On December 31, 2009, the Chinese Government rolled out a program aiming to turn Hainan into an international tourism island. A series of preferential policies were released to open up the island further.
The year 2010 is therefore regarded as the beginning of the era of Hainan Tourism 3.0, represented by tourism plus high-end consumption and healthcare.
A duty free policy, which was introduced in April 2011, and an increasing number of duty-free shopping malls have generated accumulative sales of 31.5 billion yuan ($5.01 billion) by January 2018, becoming a major driver of Hainan's economic growth. The province also offers a visa-free service to foreign tourists from 59 countries, making it more easily accessible.
In 2017, China's first international medical tourism hub—Hainan Boao Lecheng International Medical Tourism Pilot Zone—was launched. The hub, 9 km west of the permanent venue of the Boao Forum for Asia, aims to offer tourists healthcare services including physical examination, rehabilitation and cosmetic surgery among others. Nine preferential policies have been introduced, including lower import tariffs on medical equipment and drugs as well as longer employment contracts for foreign doctors. Also, foreign investors are allowed to open hospitals there.
To help pull in more high-end healthcare institutions into the pilot zone, the Hainan Provincial Government has abolished 32 administrative approval procedures. From 2015 to June 2017, the zone has attracted 99 projects, with a total investment of 21 billion yuan ($3.34 billion).
To date, four medical service centers in the zone have been on trial operation and the number of such enterprises is expected to rise to 90 in the next decade, according to the local government.
"Many foreign tourists are fascinated with Chinese culture and traditional Chinese medicine services here," Liu Yueyong, Director of the Administration Department of Yiling Life Care Center, an early investor in the pilot zone, told Beijing Review.
With its diversified tourist products, Hainan had attracted 67.45 million tourists by the end of 2017, generating an income of 81.2 billion yuan ($12.92 billion). In 2017, up to 55.7 percent of Hainan's GDP and 79.5 percent of its economic growth came from the service sector. Hainan is now firmly on the map as a popular destination for tourists from around the world.
A seaside section of the Hainan High-Speed Railway in Lingshui County (XINHUA)
Wu Yangkai, a 9-year-old living in Haikou, often tells his friends that he owns a "magic private bullet train" to bring his father back home.
His father, Wu Jing, who works in Sanya, 300 km away, comes back home on weekends. Before 2010, it took Wu Jing four hours by bus to return home every Friday after work. By the time he arrived his son was asleep. On Sunday, Wu Jing had to hurry back to Sanya after lunch. The father and son had only one and a half days together, something they both wished could be longer.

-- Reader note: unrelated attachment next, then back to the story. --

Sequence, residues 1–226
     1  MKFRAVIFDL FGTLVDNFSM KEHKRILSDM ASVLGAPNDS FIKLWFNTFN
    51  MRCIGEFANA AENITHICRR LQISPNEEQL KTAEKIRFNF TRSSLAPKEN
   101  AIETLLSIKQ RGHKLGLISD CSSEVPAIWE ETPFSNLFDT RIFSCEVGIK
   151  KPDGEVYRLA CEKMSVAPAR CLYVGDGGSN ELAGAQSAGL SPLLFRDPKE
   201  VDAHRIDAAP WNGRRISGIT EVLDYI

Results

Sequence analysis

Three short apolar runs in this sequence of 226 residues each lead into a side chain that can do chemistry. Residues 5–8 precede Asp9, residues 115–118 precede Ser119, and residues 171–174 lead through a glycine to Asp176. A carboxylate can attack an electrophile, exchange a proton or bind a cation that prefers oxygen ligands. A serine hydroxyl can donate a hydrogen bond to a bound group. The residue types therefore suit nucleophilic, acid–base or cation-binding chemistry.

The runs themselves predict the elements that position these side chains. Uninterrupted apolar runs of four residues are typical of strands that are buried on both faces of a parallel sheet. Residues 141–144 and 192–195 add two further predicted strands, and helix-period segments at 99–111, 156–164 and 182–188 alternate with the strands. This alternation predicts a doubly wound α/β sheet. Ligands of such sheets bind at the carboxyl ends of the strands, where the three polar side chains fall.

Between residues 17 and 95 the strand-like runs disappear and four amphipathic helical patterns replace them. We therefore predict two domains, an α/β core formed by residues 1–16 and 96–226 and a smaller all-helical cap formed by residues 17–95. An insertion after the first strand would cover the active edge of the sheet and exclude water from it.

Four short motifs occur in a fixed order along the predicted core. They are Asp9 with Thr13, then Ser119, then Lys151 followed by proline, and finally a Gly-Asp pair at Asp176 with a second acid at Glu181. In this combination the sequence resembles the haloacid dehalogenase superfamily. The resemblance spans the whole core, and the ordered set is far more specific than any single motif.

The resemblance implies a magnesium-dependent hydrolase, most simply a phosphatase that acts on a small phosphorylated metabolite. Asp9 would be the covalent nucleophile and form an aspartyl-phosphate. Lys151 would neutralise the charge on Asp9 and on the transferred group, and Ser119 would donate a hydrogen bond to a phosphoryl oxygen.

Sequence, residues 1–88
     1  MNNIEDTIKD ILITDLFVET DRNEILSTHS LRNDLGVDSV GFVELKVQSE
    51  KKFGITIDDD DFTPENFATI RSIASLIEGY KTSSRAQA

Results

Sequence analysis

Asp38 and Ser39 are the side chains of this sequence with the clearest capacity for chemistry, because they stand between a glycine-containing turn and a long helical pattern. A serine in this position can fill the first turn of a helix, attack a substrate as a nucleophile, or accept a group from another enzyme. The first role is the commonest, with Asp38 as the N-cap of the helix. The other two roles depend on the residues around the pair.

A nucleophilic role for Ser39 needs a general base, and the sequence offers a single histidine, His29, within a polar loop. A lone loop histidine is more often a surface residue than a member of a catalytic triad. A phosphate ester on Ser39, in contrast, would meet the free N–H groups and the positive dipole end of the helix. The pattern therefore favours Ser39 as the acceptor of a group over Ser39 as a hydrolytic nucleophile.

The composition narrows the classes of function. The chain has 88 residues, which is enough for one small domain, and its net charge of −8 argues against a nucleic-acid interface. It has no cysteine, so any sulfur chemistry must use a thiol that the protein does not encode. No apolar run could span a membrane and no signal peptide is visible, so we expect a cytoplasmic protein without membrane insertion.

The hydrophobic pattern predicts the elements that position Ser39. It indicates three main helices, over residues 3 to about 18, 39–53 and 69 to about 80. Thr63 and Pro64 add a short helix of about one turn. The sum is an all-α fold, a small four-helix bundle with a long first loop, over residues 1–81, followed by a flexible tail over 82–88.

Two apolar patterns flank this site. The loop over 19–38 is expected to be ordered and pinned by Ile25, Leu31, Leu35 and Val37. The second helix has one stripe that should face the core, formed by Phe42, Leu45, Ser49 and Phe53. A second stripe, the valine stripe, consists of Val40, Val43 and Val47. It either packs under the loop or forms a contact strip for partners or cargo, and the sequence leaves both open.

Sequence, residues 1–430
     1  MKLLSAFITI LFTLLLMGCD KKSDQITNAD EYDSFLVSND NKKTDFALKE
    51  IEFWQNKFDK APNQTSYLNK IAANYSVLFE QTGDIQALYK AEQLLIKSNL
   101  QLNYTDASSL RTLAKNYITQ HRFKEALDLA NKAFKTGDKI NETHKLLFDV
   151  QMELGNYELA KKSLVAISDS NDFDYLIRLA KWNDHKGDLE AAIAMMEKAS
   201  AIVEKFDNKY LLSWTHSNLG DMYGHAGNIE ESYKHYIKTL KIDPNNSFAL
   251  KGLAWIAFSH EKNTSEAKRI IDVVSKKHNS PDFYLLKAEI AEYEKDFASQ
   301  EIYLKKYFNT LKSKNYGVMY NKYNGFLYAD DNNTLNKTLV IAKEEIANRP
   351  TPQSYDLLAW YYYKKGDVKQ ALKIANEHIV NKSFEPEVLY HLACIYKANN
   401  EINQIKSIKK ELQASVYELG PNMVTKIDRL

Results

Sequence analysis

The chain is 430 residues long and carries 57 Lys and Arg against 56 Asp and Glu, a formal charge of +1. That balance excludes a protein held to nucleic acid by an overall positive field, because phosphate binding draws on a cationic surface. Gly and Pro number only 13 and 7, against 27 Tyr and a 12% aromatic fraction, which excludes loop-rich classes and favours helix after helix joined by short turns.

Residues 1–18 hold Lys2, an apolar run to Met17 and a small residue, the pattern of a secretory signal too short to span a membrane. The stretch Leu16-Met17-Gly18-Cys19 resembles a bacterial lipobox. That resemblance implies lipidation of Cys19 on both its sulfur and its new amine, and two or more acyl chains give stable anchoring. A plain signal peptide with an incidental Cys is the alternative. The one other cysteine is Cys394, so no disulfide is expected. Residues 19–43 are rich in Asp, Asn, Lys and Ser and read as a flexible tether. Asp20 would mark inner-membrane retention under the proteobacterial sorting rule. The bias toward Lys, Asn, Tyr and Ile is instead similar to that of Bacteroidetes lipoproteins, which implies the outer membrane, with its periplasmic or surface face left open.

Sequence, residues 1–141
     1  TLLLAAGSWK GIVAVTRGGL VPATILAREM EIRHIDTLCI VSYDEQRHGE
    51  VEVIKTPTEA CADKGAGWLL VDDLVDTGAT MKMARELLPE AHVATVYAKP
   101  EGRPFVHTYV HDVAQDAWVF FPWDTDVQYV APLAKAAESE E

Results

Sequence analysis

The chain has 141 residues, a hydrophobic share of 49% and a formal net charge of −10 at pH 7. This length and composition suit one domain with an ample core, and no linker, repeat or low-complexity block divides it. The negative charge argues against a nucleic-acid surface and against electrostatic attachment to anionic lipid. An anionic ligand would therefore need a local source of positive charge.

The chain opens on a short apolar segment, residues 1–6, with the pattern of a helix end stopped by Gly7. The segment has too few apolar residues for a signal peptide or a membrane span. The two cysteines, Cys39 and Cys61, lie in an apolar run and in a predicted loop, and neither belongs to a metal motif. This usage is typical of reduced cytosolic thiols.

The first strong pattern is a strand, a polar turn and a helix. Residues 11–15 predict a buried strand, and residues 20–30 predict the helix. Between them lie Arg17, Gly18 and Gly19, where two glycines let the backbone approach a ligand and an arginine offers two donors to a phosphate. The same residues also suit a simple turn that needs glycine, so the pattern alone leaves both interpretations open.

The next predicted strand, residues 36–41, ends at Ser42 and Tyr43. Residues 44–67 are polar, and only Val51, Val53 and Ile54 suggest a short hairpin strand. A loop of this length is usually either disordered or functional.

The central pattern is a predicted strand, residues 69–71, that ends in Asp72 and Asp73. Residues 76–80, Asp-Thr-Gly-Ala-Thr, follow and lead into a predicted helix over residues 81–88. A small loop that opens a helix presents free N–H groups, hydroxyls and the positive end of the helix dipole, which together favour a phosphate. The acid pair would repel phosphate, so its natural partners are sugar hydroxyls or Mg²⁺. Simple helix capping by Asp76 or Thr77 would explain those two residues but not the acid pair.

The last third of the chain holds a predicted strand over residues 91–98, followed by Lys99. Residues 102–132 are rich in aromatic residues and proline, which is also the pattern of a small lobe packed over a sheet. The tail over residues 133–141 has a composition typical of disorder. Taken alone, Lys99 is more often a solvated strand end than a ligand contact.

Their wish was granted at the end of 2010 after the Hainan High-Speed Railway East Line was put into operation on December 30. It cut the journey time between Sanya and Haikou to one hour and 22 minutes. Now Wu Jing can enjoy Friday dinners with his family and leave for the office early Monday morning. In the little boy's eyes, since both the terminal stations are near the door step of his home and his father's office, the train is like a "tailored private bullet train."
The Wu's are not the only beneficiaries. The line was further expanded into a 653-km loop railway along the coastline of Hainan at the end of 2015. It is the world's first high-speed railway on an island. Connecting almost all renowned scenic spots and 12 major cities in Hainan, the railway serves 87.3 percent of Hainan's population. By the end of 2017, passengers had made 250 million trips.
Besides railways, other transportation sectors have grown rapidly in Hainan in the past three decades. In 1988, there was only one airport with four routes linking Hainan and the Chinese mainland. Passenger throughput was 50,000 each year.
Now, there are three airports with 200 aviation routes and 351 sea lanes linking the island with the outside world. Passenger throughput surged to 39.38 million in 2017. Expressways and high-speed railways enable passengers to reach any place on the island in three hours.
A testing ground
Many attribute Hainan's dramatic change to reform and opening up. "For Hainan, as an island economy, opening up is the key to its survival and development," Chi Fulin, President of the China Institute of Reform and Development (CIRD), told Beijing Review.
According to Chi, Hainan is "the best testing ground" for China's reform and opening up. In the early years of its establishment as an SEZ and a province, Hainan enjoyed many preferential policies. "It has proved that the wider Hainan's door is opened, the faster it develops," said Chi.
He believes that as long as Hainan maintains its green development drive, it will become a symbol of China's efforts to achieve high-quality development.
Gan Lu, head of the Hainan Reform and Opening Up Research Department of the CIRD, echoes Chi's view. She calls for more eco-friendly policies to develop new industries in Hainan such as offering duty-free commodities to local residents, allowing only new-energy vehicles by 2020, prohibiting usage of pesticides and promoting green agriculture. (Reporting from Hainan)
Copyedited by Francisco Little